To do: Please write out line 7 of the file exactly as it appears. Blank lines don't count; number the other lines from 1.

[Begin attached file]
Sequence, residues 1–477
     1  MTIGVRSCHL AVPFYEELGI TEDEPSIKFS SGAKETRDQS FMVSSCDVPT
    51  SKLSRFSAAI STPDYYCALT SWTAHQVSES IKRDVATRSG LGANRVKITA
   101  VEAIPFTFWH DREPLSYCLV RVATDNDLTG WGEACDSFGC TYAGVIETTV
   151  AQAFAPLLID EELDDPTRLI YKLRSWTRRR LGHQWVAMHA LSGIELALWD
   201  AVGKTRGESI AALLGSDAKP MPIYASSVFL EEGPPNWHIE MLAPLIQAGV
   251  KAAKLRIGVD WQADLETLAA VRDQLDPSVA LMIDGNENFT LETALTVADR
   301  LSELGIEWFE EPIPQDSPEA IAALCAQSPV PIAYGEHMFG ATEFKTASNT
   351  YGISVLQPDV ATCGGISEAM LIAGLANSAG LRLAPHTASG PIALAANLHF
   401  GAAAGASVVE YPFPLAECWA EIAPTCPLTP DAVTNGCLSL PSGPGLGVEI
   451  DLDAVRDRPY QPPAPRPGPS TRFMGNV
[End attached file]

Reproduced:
   251  KAAKLRIGVD WQADLETLAA VRDQLDPSVA LMIDGNENFT LETALTVADR